Serbia’s president Tomislav Nikolic said on January 26 that April 24 is the most likely date for early parliamentary elections in Serbia, which will coincide with regular local and regional elections in the northern province of Vojvodina.
Prime minister Aleksandar Vucic announced on January 17 that Serbia will hold early general elections in spring 2016, again just two years after the early elections in March 2014. Vucic’s Serbian Progressive Party (SNS) hopes to extend its mandate and boost support, even though the government formed in April 2014 remains stable as the SNS holds 158 seats in Serbia’s 250-seat parliament.
Nikolic told a Pink TV talk show that the final date of elections will be set by Vucic, and that if the elections are to take place in April, Vucic will officially need to call the elections in March.
Vucic said on January 26 that general elections would be called in 45-50 days, Tanjug reported. This would mean calling elections between 10 and 17 March.
He underlined that the campaign would last for around 10 days, noting that the elections were the best way to resolve all “misunderstandings in society”.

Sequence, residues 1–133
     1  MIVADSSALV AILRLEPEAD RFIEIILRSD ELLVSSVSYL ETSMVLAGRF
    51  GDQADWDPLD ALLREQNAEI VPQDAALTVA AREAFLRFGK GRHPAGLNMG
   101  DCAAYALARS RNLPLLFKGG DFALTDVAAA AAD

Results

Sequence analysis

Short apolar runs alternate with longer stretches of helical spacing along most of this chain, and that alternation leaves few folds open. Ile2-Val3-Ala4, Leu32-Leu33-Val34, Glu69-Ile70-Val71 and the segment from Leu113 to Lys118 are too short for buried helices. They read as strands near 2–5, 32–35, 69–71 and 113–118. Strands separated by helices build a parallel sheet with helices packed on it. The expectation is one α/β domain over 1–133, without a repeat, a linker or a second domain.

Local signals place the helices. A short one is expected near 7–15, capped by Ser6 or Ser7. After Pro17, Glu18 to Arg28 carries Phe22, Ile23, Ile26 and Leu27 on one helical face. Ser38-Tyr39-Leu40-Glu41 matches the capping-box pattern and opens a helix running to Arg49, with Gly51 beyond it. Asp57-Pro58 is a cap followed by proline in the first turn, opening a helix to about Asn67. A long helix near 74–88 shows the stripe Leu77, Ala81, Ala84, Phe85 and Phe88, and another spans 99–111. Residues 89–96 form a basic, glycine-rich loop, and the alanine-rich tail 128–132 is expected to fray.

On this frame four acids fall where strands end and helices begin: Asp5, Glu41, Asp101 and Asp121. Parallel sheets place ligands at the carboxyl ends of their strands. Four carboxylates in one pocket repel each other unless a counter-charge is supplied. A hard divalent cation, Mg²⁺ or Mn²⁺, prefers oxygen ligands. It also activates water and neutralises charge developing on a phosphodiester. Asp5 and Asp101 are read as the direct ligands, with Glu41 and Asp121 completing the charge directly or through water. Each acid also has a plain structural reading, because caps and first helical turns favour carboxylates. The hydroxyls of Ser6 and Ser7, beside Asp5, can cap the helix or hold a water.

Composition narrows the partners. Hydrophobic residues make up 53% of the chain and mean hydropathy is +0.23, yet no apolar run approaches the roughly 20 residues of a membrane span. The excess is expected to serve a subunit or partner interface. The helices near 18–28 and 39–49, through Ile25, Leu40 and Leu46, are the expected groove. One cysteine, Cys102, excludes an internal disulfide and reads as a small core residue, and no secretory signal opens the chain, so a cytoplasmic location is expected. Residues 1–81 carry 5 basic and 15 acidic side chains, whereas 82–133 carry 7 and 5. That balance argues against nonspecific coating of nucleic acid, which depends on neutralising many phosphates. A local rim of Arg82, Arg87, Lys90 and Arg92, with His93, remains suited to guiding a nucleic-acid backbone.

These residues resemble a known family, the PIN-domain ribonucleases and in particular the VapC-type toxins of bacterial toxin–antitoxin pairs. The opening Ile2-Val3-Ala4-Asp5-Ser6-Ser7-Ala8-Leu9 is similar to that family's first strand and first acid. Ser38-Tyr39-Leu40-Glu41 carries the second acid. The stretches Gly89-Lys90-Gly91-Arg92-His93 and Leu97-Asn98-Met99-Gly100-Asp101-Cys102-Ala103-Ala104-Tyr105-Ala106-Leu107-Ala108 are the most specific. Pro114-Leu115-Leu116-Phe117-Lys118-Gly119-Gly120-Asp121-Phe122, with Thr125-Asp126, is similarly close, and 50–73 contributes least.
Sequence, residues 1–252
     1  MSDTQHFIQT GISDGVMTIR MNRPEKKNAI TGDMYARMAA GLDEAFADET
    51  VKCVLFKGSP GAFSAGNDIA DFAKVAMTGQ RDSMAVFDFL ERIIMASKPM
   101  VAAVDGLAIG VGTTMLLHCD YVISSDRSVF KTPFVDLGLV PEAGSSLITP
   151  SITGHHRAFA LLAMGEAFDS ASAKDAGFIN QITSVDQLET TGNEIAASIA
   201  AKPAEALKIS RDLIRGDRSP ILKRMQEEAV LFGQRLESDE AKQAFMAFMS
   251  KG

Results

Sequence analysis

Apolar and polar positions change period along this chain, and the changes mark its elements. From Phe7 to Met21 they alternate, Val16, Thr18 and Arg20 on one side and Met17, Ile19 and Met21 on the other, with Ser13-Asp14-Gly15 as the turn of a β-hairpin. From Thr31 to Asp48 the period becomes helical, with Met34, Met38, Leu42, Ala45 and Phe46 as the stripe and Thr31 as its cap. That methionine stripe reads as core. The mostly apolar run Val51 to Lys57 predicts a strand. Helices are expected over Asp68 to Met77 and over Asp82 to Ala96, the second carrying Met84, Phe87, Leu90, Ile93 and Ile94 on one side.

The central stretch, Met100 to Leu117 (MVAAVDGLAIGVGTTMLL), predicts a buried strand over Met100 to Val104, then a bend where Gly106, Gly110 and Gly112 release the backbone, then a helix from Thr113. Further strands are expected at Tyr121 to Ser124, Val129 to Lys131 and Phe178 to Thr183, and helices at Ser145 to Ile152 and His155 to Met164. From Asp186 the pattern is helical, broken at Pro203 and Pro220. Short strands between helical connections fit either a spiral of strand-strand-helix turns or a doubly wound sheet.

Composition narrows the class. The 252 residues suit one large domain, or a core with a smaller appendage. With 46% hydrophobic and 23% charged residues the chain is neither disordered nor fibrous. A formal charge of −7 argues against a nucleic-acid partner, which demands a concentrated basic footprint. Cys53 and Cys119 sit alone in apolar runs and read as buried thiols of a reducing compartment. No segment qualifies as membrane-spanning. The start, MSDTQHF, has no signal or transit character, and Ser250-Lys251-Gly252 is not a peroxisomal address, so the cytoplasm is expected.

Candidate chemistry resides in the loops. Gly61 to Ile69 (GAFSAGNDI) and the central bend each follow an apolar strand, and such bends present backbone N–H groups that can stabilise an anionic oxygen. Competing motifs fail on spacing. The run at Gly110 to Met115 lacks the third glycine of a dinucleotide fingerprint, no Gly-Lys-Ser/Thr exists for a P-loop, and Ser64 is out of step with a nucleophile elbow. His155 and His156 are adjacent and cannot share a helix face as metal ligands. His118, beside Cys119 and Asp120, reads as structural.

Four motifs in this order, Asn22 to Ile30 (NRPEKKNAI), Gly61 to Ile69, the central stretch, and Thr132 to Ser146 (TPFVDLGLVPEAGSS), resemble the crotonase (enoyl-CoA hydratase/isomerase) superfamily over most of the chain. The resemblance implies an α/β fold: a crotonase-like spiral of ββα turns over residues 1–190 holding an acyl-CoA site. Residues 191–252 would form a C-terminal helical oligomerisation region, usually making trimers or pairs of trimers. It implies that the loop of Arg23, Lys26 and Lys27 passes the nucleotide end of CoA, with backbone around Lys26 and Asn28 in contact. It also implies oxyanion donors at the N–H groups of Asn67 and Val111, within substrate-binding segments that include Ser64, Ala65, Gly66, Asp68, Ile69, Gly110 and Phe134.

“Our plans are the main reason for elections. We should complete all our endeavors by 2020. Of course, there is an atmosphere in which the opposition is saying that I have no legitimacy. And then elections are good for the society, it is fair and democratic that citizens have their say in the elections,” he said at the opening of the Belgrade Center railway station.
Nikolic, who resigned his membership of the SNS after being appointed president, said he believes his former party will win the upcoming elections.
“I do not expect any changes that would take Serbia in a different direction or jeopardise its security or lead to conflicts, maybe on the streets. I don’t believe in such a scenario,” Nikolic said.
“Serbia will not stop because of early parliamentary election as reforms, investments, security and foreign politics will not suffer,” Nikolic added
An early general election could help the SNS push ahead with planned reforms, assuming the party manages to increase its majority. However, ongoing fiscal consolidation measures, the planned closure of hundreds of public companies which could result in 30,000 job losses, and constant increases in food prices are all expected to reduce Vucic’s popularity.
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